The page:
Darkness hung over the ready room, its lone occupant sitting in quiet contemplation staring out at the stars as they raced by. Looking forward down the bow, it looked no different than the starscape aft, but he knew that, on account of an arbitrary line on the map, they’d soon pass the point of no return, the point where, if things went wrong, they’d be completely on their own.
What would this mission bring? With time travel at play, his guess was no better than that of an elementary school child. What he did know though was that, should the Cardassians find them deep within their territory, there would be nothing they could do to talk their way out of it. For the second time in half a decade, he could be responsible for collapsing relations with an interstellar power – and this time, who knew what else as far as the timeline went. That meant they’d best not fail.
A chime on his display alerted him it was time to go to the bridge. Just a couple minutes now. Commander Lewis set his coffee cup down and stepped across his ready room and out onto the bridge. Although it was only 0440, the faces of several senior officers greeted him. So was the enormity of this moment.
Jenni looked up from her console, a rare event for her. Though the Bellona’s Chief Engineer preferred to confine herself to engineering, being present on the bridge this early in the morning gave her the perfect chance to stay in communication with everything that was going on and to see first hand how this ruse would work.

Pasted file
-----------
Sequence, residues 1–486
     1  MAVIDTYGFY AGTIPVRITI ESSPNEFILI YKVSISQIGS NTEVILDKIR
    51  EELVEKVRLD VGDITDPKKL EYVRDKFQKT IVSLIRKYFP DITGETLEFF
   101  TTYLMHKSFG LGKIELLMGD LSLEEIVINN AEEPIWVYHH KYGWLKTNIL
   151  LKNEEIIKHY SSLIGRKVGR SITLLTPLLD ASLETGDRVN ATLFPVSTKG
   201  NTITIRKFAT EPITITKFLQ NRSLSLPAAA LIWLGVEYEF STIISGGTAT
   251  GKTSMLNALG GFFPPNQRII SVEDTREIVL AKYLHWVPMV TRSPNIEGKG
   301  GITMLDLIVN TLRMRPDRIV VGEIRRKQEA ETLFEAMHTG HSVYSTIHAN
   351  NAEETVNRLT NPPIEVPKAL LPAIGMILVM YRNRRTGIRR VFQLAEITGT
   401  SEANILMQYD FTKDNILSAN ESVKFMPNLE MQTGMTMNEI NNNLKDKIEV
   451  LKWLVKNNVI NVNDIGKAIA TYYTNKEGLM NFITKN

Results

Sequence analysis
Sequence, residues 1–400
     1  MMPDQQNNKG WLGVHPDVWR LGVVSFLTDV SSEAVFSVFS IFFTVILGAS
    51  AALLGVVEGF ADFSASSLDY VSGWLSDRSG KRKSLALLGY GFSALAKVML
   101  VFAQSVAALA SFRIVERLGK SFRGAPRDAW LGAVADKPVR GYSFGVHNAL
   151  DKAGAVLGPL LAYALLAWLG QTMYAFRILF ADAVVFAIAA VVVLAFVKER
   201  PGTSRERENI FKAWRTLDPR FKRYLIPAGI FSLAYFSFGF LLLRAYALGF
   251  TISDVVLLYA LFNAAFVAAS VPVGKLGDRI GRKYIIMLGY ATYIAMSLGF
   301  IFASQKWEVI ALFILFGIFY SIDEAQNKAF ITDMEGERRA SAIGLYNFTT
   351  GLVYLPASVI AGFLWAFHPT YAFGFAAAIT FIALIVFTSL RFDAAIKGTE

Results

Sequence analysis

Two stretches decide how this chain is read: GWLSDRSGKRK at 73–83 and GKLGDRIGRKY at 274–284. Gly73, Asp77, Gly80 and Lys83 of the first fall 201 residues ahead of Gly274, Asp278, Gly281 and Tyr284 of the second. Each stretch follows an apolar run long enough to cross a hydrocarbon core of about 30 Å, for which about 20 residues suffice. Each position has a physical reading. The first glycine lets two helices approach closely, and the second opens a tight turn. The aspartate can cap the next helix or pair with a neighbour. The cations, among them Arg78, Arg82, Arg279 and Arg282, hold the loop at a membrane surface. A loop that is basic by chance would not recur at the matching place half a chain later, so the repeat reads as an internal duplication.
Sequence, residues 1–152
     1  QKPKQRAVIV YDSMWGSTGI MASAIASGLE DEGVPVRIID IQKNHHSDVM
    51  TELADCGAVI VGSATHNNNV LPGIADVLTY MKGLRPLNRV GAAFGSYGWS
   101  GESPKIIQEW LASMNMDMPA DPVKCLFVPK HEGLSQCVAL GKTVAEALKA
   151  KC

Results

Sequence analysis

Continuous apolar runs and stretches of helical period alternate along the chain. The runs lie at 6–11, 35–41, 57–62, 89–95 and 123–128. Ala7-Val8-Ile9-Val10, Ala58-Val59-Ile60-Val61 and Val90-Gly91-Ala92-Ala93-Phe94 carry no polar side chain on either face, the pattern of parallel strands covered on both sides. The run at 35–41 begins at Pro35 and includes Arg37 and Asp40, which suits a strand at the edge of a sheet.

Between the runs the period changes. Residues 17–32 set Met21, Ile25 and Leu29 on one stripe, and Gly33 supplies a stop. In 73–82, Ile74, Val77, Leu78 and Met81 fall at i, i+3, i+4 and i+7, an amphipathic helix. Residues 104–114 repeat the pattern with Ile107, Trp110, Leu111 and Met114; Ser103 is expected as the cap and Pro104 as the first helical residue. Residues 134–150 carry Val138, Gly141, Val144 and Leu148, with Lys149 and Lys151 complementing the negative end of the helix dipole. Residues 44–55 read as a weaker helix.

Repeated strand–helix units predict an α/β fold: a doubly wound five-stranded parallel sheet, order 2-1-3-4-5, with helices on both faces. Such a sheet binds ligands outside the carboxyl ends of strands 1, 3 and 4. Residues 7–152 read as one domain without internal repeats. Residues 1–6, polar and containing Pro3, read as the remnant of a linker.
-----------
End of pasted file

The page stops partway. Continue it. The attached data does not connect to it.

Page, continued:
Kretorg was restless, knowing very well that the Klingon in him would want to have open battle, preferably close combat, but it was tempered by the sensibility of a disciplined human officer. Mostly. That was the theory. The ship’s Executive Officer sat down, got up again, paced, and tried to settle again, fiddling with his console. He felt exhilarated, but ‘in stealth mode’ he thought with an amused smile at his own private joke.
“Lieutenant Bennett, how we looking?” Commander Lewis asked as he approached the conn.
“We’re about 90 seconds from the border. No signs of hostiles in the immediate area,” the pilot offered, his fingers dancing over the controls as he trimmed their heading a slight degree and adjusted the warp field.
Stepping out of the lift after the doors slid open, Sam walked over to his station. The Chief Operations Officer watched as the Ensign at the station logged out. She stepped back and nodded, allowing Sam to slide into the station. It took him a few minutes to log in and read the notes left by the Ensign who’d formerly held the post.
“Lieutenants Moss, ready to engage our SIGINT countermeasures?” In particular, Commander Lewis was mostly referring to a set of ELINT modifications they’d prepared, such as a modified warp signature and use of different sensor bands, as well as some COMINT mimicking standard freighter chatter. When one did not have a cloak to disappear, the next best thing was to blend into the background noise as just another irrelevant vessel.
“Aye, sir,” Sam replied as his finger moved across his station like it was a piano. He began to issue commands from the bridge to other systems. His team had worked around the clock to ensure that everything, save life support and primary functions, would be turned off or masked when the time came.
Standing over Lieutenant Bennett’s shoulder, Lewis watched the conn’s navigation display as she ship approached the Cardassian border. “Lieutenant Bennett, take us out of warp.” The stars streaking by slowed and became stationary dots on the main viewer before them. “Lieutenant Moss, engage the countermeasures.”